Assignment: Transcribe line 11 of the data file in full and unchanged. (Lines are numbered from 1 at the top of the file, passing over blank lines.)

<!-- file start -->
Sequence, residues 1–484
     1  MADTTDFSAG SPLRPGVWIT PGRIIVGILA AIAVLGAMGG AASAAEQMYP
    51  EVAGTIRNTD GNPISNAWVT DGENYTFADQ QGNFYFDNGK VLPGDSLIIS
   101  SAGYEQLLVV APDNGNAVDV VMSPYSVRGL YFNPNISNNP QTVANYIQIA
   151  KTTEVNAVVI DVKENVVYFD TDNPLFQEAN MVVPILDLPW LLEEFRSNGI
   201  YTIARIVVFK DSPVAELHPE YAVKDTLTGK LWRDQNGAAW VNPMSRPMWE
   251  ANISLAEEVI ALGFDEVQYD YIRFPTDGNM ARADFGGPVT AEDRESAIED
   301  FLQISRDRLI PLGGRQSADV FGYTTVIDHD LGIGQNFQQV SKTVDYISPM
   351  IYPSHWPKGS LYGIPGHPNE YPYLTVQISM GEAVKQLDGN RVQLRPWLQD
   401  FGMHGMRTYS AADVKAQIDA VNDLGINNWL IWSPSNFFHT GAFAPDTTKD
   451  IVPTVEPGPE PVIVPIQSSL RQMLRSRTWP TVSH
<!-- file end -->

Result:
   451  IVPTVEPGPE PVIVPIQSSL RQMLRSRTWP TVSH